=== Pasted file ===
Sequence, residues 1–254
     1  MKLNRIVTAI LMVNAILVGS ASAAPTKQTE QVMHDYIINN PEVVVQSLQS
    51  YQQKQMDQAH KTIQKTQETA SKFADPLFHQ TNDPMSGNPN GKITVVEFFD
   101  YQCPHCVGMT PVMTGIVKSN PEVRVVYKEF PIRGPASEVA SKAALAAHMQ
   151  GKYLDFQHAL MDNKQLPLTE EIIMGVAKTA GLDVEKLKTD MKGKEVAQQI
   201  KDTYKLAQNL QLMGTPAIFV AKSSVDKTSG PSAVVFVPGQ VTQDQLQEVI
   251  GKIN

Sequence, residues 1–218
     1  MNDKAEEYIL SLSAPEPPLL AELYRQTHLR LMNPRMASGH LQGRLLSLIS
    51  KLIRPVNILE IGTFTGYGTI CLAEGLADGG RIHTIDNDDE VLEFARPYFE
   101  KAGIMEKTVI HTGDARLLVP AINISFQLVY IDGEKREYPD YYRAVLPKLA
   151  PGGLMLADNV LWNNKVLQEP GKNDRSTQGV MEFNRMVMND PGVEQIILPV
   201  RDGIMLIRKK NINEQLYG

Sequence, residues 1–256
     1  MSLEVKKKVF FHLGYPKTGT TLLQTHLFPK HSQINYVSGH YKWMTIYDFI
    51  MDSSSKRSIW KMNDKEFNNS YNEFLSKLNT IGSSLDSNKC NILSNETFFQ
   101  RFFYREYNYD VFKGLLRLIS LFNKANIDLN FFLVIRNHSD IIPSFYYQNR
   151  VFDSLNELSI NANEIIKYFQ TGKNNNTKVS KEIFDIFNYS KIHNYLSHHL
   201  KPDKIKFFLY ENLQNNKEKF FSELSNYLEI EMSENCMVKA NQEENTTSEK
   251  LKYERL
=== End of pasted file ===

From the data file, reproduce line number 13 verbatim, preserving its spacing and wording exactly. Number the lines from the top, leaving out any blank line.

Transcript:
   201  RDGIMLIRKK NINEQLYG